The first book is H is for Haiku (Penny Candy Books, 2018) by Sydell Rosenberg, illustrated by Sawsan Chalabi. This whimsical book, with its less formal typography, has great appeal for young poets and writers and would be a great teacher's resource for grades 5-8. The author Sydell Rosenberg and her daughter Amy Losak do a good job defining what Haiku are traditionally, as well as explaining the focus for this book. While Haiku are traditionally nature inspired, H is for Haiku is inspired by nature in New York City! Finding the beauty in everyday life in the city is a new and different angle. I was even inspired to write my very first ever Haiku.
The second book is Out of Wonder: Poems Celebrating Poets (Candlewick, 2017) by Kwame Alexander with Chris Colderley and Marjory Wentworth, illustrated by the fabulous Ekua Holmes (who--attention New Englanders!--will be keynoting at the 2019 New England SCBWI Conference this May). This book is a fun romp through some of the world's most well-known poets, their styles, and new poems written in "the style of" these influential poets. This book would also be a great teacher's resource for grades 5-8.
The third book, An Assortment of Animals: A Children’s Poetry Anthology (The Writers’ Loft Press, 2018) is an inspirational collection of writing in a myriad of styles and poetry forms—all in one book! Seeing how my friends and writing colleagues at The Writers’ Loft flexed their poetry writing muscles—especially Dog Gone by Pam Vaughan—had me doodling around with other whimsical ideas. This collection could be used as a wonderful mentor text to help writers rediscover the joy of poetry.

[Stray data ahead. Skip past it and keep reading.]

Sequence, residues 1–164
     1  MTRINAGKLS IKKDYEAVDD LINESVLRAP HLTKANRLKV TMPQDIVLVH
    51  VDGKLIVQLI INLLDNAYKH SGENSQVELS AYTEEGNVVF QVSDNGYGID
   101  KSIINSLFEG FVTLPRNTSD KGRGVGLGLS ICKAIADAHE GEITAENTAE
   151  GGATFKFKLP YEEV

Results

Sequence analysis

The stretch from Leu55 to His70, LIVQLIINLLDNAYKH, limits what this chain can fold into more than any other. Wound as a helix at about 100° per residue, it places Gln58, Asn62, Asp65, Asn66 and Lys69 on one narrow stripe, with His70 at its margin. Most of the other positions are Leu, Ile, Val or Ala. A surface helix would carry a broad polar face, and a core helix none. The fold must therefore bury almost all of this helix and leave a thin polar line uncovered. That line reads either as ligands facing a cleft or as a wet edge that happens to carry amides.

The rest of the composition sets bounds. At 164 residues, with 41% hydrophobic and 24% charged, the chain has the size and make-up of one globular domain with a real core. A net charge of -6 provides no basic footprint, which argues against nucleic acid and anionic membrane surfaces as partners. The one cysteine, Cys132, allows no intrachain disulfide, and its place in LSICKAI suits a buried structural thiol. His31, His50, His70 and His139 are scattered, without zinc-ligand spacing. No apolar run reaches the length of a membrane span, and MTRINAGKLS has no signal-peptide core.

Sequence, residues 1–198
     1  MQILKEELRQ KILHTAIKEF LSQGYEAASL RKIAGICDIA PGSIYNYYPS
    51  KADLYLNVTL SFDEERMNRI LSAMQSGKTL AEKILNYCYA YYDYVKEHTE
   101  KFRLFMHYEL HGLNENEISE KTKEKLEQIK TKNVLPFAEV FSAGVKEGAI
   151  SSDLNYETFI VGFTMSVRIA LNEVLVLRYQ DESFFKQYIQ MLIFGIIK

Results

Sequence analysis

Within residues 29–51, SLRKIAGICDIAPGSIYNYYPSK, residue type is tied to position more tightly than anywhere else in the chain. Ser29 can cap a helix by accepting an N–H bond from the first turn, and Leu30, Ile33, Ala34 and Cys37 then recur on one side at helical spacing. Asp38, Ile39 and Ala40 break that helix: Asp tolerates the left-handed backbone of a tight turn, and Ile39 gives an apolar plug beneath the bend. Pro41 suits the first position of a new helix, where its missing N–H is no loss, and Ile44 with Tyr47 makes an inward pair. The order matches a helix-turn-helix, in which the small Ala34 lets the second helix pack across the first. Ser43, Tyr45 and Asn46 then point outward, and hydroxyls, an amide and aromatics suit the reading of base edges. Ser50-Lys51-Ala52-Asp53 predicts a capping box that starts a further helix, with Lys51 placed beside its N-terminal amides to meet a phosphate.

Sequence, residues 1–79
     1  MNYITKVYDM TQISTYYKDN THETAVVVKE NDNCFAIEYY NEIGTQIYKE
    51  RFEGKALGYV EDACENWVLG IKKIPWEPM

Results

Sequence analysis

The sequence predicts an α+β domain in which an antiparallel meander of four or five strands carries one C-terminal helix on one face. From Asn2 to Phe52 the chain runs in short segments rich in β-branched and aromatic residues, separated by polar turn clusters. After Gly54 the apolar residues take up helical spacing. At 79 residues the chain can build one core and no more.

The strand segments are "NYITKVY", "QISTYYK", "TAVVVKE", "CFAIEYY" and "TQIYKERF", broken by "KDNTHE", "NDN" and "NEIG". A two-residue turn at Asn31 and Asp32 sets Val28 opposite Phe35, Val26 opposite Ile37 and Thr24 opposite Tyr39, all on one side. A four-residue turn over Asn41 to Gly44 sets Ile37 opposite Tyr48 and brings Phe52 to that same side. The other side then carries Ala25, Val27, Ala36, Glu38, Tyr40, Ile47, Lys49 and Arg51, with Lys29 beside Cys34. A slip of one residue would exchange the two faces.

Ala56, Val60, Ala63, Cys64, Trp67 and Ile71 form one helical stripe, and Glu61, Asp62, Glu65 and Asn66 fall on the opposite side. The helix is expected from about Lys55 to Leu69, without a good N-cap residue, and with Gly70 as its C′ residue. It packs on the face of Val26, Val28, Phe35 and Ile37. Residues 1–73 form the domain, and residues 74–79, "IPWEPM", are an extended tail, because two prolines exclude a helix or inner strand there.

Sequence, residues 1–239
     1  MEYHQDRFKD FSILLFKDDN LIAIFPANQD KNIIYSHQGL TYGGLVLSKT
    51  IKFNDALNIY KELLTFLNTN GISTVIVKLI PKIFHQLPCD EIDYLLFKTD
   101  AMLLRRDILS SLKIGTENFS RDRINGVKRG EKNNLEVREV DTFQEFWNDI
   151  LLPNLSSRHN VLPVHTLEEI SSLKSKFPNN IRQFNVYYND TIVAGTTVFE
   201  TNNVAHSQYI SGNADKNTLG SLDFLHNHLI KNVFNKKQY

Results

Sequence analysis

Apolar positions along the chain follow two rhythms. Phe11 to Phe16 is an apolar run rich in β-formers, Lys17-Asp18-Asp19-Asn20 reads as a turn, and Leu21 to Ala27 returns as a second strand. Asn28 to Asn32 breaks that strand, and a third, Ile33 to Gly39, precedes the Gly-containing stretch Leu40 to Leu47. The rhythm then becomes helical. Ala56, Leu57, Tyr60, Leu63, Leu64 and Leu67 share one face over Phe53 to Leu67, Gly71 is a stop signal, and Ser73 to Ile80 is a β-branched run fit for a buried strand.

As I’ve gone back to what I loved about poetry, I realized that poetry doesn’t have to be heavy and deep. It is joyful to read (and write!) silly, playful poems. So this month, remember that while poetry can be deep and thought-provoking, it can also be a lot of fun. Take your inner poet out to play this week.
Happy National Poetry Month!
Musings of a Library-Lifer
~by Amanda Smith
When I was a little girl, my father would take my brother and me to the Pretoria Public Library every other week, where we could each check out two books. I would tightly hug my books against my chest as we crossed the busy street, skipped up the wide steps, and entered the grand red granite building through enormous oiled teak doors.
The Children’s Library was on the second story, accessed by an enchanted staircase that magically transported itself from the greatest castle of a fantasy novel. My dad would let us ascend to the Realms of Upstairs by ourselves as he continued on the adult shelves. Inside the children’s library, I was greeted by the kind librarian who always remembered my name. She received my books like the great treasure they were, and paid me with the keys to the universe, my two sunshine-yellow library pockets. My tickets to Narnia.
There, between the dark wood shelves, lined with rows upon rows of books, hugged by silence, breathing in the wholesome, dusty smell of historical building, knowledge, and art, I lost myself. And found myself.
And a place to belong.
Many, many years later, when my husband and I immigrated to the US, one of the first things we did, was to join our local library. It was there that we learned to navigate this new culture, were educated about US holidays and celebrations by exhibits librarians thoughtfully pulled together, and ran into acquaintances who became friends.